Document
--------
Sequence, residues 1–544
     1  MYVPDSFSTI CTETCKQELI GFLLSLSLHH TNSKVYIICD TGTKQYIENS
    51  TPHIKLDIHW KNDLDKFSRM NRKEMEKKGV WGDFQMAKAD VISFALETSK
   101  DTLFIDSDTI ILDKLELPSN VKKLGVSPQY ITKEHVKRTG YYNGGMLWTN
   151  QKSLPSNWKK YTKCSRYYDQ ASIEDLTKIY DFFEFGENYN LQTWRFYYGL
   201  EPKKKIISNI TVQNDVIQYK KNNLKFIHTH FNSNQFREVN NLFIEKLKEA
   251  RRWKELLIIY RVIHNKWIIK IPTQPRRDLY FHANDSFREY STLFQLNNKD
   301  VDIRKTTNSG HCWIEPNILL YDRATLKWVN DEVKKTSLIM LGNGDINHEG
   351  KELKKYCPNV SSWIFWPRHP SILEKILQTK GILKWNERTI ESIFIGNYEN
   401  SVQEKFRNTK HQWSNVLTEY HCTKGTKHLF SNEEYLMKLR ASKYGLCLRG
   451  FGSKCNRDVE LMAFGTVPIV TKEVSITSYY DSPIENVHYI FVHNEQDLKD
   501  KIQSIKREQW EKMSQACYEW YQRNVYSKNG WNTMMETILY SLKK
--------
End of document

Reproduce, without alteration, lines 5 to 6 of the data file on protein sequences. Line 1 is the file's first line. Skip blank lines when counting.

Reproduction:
   151  QKSLPSNWKK YTKCSRYYDQ ASIEDLTKIY DFFEFGENYN LQTWRFYYGL
   201  EPKKKIISNI TVQNDVIQYK KNNLKFIHTH FNSNQFREVN NLFIEKLKEA